The challenge for GP commissioning consortia will be to manage their prescribing budget across all of their constituent practices, but this will only be possible if individual practices are actively managing their own prescribing costs—to do this they will need to carefully focus on their own spend.
Programme budgeting and marginal analysis
Budgeting is often associated with loss of freedom and centrally controlled processes limiting what can and cannot be done. Therefore it is difficult to sell the benefits of a budget to those GPs who have developed an instinctive ability to manage the rapidly changing needs of their practice populations as 'firefighters', rather than careful budget managers.
Many large practices now have a prescribing budget in excess of £1 million and monitoring spend at this level is fraught with difficulty as it is too undifferentiated and efficiencies achieved in one area are quickly consumed by unforeseen drug spend in another.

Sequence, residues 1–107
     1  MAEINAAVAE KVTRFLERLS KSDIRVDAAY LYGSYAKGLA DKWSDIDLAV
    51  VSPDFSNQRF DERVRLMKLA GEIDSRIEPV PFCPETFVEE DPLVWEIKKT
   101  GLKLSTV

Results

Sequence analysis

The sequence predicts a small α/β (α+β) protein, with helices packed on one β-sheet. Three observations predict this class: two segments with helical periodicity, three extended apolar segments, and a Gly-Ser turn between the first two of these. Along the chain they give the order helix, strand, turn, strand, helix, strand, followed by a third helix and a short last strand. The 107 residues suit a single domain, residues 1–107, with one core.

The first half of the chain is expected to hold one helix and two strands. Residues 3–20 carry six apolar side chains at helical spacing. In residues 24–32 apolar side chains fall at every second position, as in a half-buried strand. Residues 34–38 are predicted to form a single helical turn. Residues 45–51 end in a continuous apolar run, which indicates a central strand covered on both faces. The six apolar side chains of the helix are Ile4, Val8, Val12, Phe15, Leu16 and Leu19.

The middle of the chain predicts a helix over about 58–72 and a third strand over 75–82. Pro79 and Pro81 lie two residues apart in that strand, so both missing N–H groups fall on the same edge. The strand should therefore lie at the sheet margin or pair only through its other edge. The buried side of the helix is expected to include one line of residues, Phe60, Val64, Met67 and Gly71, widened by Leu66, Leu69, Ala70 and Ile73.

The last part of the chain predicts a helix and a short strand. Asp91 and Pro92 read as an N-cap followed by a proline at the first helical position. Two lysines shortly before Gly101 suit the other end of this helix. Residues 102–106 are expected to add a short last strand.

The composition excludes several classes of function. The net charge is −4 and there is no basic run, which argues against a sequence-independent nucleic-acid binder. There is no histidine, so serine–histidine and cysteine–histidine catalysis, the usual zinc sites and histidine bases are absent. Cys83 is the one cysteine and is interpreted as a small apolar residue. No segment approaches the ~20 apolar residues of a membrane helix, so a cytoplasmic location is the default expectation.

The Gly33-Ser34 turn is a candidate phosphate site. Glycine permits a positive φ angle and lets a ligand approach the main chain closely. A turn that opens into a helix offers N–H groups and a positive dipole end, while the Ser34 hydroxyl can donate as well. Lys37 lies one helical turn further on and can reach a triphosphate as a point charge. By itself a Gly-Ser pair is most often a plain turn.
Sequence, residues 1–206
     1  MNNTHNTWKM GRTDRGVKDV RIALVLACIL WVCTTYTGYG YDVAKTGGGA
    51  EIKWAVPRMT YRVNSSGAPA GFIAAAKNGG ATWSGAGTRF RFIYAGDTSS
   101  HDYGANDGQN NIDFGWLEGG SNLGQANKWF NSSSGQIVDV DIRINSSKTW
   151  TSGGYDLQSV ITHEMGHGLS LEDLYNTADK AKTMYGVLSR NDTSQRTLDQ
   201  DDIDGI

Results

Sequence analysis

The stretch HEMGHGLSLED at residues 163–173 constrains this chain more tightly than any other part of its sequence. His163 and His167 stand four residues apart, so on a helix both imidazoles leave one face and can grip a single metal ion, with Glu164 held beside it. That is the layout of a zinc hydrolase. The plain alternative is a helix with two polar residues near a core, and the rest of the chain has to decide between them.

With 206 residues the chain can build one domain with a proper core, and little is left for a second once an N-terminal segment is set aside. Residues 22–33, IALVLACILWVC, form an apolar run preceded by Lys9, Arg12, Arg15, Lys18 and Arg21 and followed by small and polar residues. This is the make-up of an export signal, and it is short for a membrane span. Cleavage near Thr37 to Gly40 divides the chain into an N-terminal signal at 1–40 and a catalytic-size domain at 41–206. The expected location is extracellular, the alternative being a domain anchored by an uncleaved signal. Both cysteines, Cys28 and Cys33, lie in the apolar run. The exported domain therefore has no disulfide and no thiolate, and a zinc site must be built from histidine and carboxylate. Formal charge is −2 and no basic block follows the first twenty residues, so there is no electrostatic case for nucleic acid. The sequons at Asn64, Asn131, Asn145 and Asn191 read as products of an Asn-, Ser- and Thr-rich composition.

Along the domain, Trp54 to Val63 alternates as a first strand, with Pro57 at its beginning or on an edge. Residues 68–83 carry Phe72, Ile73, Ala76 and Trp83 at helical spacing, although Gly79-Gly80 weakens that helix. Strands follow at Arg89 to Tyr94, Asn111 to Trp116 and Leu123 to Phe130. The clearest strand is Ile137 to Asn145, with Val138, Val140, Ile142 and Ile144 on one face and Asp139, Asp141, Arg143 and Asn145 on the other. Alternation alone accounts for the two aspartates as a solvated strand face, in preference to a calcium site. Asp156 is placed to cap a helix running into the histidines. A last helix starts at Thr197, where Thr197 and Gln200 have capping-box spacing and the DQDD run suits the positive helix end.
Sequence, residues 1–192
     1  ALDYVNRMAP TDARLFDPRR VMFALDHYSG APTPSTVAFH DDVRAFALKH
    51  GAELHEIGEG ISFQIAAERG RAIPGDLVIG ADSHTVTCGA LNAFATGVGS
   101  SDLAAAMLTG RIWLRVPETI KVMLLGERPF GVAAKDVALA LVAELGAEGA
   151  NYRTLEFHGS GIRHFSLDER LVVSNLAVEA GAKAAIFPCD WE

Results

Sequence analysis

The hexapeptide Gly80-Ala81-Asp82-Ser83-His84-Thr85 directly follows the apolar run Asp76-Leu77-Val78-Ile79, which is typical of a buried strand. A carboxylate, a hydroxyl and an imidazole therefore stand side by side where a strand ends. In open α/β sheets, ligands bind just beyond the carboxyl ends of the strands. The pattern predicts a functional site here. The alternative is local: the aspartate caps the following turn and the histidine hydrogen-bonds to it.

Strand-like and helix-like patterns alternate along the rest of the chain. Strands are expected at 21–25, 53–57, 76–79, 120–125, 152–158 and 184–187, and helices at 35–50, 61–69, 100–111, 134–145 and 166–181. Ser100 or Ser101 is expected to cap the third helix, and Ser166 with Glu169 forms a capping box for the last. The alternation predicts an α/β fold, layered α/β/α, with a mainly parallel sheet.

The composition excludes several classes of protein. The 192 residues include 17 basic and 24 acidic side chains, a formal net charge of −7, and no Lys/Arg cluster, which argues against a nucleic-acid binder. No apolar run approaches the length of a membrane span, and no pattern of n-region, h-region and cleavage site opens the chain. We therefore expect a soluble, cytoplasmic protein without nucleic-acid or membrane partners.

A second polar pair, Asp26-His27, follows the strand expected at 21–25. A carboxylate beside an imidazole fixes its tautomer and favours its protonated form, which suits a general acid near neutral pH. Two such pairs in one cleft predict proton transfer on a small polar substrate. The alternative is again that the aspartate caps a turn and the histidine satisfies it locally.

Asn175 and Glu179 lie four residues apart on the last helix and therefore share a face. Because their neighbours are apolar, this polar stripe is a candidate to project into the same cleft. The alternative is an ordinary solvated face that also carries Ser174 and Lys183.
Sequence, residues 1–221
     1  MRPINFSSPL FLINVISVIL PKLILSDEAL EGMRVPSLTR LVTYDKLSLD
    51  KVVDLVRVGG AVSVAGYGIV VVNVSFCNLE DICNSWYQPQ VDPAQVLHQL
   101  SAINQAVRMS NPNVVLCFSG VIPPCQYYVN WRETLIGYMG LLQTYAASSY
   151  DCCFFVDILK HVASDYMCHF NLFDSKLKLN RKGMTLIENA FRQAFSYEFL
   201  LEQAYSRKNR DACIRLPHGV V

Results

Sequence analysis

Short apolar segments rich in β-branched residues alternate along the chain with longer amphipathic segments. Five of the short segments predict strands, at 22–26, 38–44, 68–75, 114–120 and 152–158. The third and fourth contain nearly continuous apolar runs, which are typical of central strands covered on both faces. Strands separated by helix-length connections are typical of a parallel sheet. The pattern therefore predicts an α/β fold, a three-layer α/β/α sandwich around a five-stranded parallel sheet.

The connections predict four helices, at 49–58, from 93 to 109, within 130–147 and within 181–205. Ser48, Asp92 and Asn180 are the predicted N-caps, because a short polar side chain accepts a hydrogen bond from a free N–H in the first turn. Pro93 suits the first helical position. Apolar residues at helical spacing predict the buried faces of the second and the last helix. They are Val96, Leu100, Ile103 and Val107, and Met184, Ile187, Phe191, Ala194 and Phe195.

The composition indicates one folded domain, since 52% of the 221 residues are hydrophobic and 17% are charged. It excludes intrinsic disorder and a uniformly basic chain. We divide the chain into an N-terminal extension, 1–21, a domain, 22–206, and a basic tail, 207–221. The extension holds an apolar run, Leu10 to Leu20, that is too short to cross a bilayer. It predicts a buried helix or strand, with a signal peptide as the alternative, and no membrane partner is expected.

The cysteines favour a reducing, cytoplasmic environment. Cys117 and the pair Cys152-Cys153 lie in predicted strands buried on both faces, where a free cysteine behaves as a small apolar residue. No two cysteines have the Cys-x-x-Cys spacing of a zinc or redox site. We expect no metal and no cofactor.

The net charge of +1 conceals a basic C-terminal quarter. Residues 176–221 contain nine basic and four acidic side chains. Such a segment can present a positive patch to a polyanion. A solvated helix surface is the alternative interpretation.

Programme budgeting and marginal analysis (PBMA) is a process of choosing a subset of programmes that represent a significant proportion of overall spend and in which funding pressures have been seen to arise previously, pooling the spend in each of these as named 'programme budgets', and scrutinising historic spend to identify opportunities for efficiencies to be targeted and savings to be delivered.
When the PBMA process is applied to the management of prescribing budgets, it can help practices to work with local GP commissioning consortia support managers to maximise their use of healthcare resources by making prescribing budgets work harder to meet the assessed needs of their local populations. In the context of prescribing, this means managing-in new branded medicines appropriately and managing-out brands that have reached the end of their brand life cycle so that well-established 'cash-cow' brands deliver windfall savings when they become available to NHS prescribers as generics.